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|Title:||Mathematical Models for Financial Data|
Sims, Christopher A.
|Contributors:||Applied and Computational Mathematics Department|
|Publisher:||Princeton, NJ : Princeton University|
|Abstract:||The first chapter studies the effects of the temporary short-selling ban on US financial stocks in 2008 by overcoming a key problem in earlier empirical works of having to use non-financial stocks as a control group since almost all financial stocks were banned. Alternatively, the control group is selected to be a synthetic portfolio of non-banned financial stocks constructed from the finance segments of large industrial companies that were not banned. With this control group, it is found that the ban leads to over-valuation of banned stocks that is highest at the beginning of the ban and steadily converges to zero at the end of the ban. To understand this dynamic, the model of Scheinkman and Xiong (2003) is solved in a finite trading horizon with zero trading cost. The default of one bank can cause other banks to default through two channels: financial contagion in the inter-bank liability network and fire sale in the asset selling market. In the second chapter jointly written with Weinan E, a model that incorporates these two channels is developed and analyzed theoretically. An algorithm for finding the state in which both the inter-bank liability network and the market are in equilibrium is proposed and tested. An oft-mentioned but under-studied feature of asset price bubbles is a surge of new entrants, retail investors who never invested, joining the bubble because of their friends or neighbors. The third chapter, jointly written with Harrison Hong, incorporates this viral element into an otherwise standard bubble model with forward-looking agents. Optimism spreads across households following an epidemic process and the participation rate rise as new entrants buy anticipating trending prices. Insiders or institutions gradually sell their shares, generating trading volume and moderating price growth. This model rationalizes several patterns in the data, which have been difficult to explain, including trending prices and volume peaking months before prices, participation rates, and short-selling in both stock market and housing bubbles.|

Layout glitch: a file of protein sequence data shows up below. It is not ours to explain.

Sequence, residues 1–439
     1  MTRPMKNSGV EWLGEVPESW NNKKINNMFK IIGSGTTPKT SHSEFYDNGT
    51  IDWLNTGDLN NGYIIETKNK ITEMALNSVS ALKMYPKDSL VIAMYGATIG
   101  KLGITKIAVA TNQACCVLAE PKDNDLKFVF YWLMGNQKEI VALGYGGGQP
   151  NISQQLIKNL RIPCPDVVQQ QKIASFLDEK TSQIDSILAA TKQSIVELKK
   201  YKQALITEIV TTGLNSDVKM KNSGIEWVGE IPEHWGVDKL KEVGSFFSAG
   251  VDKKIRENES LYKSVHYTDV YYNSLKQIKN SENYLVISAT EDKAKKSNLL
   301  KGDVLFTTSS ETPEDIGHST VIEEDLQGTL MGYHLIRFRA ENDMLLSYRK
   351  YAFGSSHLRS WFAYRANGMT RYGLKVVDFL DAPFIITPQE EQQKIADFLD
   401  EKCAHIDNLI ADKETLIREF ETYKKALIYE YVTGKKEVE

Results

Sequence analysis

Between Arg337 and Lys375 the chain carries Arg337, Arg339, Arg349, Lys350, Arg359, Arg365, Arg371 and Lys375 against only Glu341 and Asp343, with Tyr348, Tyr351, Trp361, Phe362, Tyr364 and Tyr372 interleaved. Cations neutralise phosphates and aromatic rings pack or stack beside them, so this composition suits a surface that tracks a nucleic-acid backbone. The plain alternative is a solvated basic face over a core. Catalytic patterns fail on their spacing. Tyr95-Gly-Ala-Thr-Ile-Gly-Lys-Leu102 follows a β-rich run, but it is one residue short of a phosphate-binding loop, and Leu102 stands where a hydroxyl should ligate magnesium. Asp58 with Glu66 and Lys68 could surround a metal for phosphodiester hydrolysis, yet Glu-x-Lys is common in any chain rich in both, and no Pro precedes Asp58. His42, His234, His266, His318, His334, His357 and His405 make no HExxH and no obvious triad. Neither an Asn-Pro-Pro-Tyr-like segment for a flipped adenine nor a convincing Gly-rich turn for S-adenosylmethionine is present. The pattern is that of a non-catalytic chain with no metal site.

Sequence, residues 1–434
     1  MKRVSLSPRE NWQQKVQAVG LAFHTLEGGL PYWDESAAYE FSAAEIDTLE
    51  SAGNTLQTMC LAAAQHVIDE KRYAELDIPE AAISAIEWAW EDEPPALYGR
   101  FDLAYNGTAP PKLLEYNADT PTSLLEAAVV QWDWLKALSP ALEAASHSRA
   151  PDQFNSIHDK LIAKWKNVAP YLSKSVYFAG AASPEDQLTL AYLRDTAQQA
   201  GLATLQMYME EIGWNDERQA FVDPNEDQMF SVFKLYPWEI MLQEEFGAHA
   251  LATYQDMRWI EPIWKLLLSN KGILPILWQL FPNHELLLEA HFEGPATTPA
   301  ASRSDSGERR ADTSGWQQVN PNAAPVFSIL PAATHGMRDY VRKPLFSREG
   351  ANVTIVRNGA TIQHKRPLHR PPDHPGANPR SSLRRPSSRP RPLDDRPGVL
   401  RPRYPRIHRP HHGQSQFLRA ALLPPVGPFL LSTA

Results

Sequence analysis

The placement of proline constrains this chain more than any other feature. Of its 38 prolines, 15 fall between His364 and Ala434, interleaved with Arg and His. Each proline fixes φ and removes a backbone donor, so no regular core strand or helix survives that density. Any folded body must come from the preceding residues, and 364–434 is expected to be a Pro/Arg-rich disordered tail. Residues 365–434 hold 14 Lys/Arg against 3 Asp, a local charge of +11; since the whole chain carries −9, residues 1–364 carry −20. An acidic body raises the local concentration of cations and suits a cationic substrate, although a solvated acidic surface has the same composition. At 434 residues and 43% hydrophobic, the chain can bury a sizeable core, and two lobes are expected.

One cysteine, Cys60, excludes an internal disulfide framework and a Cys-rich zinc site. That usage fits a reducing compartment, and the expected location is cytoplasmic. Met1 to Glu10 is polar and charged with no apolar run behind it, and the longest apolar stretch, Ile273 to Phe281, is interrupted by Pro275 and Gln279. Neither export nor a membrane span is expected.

|Alternate format:||The Mudd Manuscript Library retains one bound copy of each dissertation. Search for these copies in the library's main catalog|
|Type of Material:||Academic dissertations (Ph.D.)|
|Appears in Collections:||Applied and Computational Mathematics|
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